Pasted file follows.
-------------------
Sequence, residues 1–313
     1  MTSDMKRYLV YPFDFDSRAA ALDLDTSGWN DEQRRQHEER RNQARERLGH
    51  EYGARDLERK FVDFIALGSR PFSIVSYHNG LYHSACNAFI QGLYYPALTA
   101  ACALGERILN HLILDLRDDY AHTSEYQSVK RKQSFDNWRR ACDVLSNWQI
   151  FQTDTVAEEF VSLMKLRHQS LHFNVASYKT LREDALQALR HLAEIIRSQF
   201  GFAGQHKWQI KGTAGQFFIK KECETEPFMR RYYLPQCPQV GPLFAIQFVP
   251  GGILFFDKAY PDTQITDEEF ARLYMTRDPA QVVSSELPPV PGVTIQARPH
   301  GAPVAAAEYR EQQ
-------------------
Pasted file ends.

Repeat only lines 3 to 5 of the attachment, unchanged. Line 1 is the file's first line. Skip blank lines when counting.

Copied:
    51  EYGARDLERK FVDFIALGSR PFSIVSYHNG LYHSACNAFI QGLYYPALTA
   101  ACALGERILN HLILDLRDDY AHTSEYQSVK RKQSFDNWRR ACDVLSNWQI
   151  FQTDTVAEEF VSLMKLRHQS LHFNVASYKT LREDALQALR HLAEIIRSQF